“Consider, for example, an employer with two employees, both of whom are attracted to men. The two individuals are, to the employer’s mind, materially identical in all respects, except that one is a man and the other a woman. If the employer fires the male employee for no reason other than the fact he is attracted to men, the employer discriminates against him for traits or actions it tolerates in his female colleague. . . Or take an employer who fires a transgender person who was identified as a male at birth but who now identifies as a female. If the employer retains an otherwise identical employee who was identified as female at birth, the employer intentionally penalizes a person identified as male at birth for traits or actions that it tolerates in an employee identified as female at birth. Again, the individual employee’s sex plays an unmistakable and impermissible role in the discharge decision.”
Gorsuch disputes arguments made by the dissenting opinions of Justices Samuel Alito and Brett Kavanaugh
“Because homosexuality and transgender status can’t be found on that list and because they are conceptually distinct from sex, the employers reason, they are implicitly excluded from Title VII’s reach. Put another way, if Congress had wanted to address these matters in Title VII, it would have referenced them specifically. . . But that much does not follow. We agree that homosexuality and transgender status are distinct concepts from sex. But, as we’ve seen, discrimination based on homosexuality or transgender status necessarily entails discrimination based on sex; the first cannot happen without the second.”
Gorsuch bats down the employers’ argument that no one could have expected the Civil Rights Act to apply to LGBTQ people
“Often lurking just behind such objections resides a cynicism that Congress could not possibly have meant to protect a disfavored group. Take this Court’s encounter with the Americans with Disabilities Act’s directive that no ‘public entity’ can discriminate against any ‘qualified individual with a disability.’. . . Congress, of course, didn’t list every public entity the statute would apply to. And no one batted an eye at its application to, say, post offices. But when the statute was applied to prisons, curiously, some demanded a closer look: Pennsylvania argued that ‘Congress did not ‘envisio[n] that the ADA would be applied to state prisoners.’ . . .This Court emphatically rejected that view,” Gorsuch wrote. “As Yeskey and today’s cases exemplify, applying protective laws to groups that were politically unpopular at the time of the law’s passage—whether prisoners in the 1990s or homosexual and transgender employees in the 1960s—often may be seen as unexpected. But to refuse enforcement just because of that, because the parties before us happened to be unpopular at the time of the law’s passage, would not only require us to abandon our role as interpreters of statutes; it would tilt the scales of justice in favor of the strong or popular and neglect the promise that all persons are entitled to the benefit of the law’s terms.”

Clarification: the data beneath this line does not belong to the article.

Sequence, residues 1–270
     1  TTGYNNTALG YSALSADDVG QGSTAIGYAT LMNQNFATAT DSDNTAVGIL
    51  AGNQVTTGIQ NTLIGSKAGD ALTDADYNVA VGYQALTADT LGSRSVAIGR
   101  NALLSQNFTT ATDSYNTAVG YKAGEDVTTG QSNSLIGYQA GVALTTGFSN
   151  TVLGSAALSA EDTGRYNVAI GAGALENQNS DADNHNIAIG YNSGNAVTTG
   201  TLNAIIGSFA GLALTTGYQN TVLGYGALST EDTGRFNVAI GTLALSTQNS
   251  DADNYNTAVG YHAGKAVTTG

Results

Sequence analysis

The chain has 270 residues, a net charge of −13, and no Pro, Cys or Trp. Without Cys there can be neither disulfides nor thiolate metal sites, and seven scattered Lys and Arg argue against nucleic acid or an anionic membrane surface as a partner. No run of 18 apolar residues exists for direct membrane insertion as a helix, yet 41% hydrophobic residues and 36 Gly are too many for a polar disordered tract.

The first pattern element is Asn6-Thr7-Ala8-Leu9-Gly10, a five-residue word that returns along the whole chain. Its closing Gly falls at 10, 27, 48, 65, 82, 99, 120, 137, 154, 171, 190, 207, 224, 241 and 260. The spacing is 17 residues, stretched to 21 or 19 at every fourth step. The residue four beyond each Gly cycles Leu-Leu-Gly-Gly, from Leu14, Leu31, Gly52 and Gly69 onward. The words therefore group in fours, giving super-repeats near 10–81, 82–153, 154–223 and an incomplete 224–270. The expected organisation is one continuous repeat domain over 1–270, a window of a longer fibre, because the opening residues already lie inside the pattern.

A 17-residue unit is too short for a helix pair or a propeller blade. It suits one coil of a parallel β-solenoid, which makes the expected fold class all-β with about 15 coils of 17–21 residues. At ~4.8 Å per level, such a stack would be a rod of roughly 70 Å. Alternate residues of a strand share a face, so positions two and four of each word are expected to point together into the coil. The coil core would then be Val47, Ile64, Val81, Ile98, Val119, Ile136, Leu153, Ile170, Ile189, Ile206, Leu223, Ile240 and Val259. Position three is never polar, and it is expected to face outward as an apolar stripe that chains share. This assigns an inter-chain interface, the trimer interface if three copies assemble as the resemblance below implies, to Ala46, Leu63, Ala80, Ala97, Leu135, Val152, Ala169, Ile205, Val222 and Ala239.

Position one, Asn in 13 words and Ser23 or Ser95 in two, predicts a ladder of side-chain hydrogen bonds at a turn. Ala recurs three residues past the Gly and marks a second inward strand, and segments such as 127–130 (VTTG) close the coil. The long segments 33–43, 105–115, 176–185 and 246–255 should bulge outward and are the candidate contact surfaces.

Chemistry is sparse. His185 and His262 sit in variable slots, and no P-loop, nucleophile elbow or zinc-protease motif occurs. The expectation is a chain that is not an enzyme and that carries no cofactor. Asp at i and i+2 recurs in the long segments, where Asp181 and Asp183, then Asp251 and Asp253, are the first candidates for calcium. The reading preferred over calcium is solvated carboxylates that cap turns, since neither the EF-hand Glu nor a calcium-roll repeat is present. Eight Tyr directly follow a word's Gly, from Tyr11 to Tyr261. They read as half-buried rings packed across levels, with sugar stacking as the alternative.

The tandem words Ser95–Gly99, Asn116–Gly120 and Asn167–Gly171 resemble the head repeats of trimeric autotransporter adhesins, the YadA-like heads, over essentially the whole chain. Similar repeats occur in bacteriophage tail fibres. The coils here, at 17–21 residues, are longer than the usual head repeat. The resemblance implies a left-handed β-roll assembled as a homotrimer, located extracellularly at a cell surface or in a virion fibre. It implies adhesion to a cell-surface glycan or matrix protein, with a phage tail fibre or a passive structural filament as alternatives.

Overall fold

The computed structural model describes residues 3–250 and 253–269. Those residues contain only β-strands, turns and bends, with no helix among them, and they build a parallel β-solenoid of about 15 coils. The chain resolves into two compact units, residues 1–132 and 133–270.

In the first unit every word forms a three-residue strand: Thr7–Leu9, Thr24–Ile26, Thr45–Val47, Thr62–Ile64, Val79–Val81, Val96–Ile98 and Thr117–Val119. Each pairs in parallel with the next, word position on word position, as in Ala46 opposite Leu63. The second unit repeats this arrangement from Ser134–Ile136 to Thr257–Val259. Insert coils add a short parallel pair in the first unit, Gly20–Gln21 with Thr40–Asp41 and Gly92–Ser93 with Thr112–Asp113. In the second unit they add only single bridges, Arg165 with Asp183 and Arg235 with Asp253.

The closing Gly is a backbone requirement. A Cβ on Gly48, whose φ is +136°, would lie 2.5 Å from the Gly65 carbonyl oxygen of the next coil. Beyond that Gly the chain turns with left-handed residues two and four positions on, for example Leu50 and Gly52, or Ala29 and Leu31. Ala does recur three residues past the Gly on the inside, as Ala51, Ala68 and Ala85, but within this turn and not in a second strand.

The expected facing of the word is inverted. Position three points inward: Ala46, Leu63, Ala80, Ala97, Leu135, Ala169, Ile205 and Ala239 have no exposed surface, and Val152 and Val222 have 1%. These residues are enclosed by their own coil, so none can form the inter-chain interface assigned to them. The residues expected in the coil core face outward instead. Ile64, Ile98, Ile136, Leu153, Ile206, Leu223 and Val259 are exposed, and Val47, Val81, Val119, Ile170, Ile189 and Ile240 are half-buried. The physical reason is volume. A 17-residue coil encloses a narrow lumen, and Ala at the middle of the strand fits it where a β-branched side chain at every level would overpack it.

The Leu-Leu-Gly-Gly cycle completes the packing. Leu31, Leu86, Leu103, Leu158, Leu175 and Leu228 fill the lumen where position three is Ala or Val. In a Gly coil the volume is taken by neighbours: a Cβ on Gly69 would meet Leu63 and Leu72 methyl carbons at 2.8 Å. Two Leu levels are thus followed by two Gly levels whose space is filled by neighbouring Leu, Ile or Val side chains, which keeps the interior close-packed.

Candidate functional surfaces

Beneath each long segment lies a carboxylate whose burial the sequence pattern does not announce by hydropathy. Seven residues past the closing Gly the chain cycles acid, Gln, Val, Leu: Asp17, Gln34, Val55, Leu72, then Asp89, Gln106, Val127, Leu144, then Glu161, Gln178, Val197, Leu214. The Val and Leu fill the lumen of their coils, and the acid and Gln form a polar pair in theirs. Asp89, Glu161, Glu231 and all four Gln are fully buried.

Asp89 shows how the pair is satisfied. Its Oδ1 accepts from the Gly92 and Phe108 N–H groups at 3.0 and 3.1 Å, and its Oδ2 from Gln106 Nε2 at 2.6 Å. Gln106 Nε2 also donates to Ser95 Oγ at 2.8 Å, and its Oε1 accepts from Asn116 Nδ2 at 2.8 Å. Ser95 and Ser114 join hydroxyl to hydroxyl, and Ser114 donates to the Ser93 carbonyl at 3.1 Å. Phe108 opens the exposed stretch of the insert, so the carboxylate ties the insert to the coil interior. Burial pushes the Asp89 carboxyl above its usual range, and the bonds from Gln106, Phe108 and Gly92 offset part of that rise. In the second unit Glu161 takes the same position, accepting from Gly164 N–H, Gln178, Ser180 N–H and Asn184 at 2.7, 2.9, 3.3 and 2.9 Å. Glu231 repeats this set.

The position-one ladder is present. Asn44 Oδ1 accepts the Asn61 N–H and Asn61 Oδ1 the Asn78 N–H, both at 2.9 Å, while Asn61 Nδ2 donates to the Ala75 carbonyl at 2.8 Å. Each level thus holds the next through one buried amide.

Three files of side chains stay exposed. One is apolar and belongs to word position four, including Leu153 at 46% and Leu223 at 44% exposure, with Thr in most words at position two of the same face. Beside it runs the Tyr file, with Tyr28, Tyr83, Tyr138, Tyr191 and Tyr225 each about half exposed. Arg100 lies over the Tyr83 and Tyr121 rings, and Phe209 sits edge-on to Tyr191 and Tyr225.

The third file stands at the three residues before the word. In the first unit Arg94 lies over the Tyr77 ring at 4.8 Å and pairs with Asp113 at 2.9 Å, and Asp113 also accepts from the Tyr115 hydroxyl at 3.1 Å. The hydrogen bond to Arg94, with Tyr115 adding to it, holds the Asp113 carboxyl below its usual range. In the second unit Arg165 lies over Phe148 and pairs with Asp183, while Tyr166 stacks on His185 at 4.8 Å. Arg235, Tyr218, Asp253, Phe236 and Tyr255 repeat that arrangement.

Gorsuch uses Yankees fans to argue that firing someone for multiple reasons doesn’t matter, if one of those reasons is the person’s sex
“Consider an employer with a policy of firing any woman he discovers to be a Yankees fan. Carrying out that rule because an employee is a woman and a fan of the Yankees is a firing “because of sex” if the employer would have tolerated the same allegiance in a male employee. Likewise here.”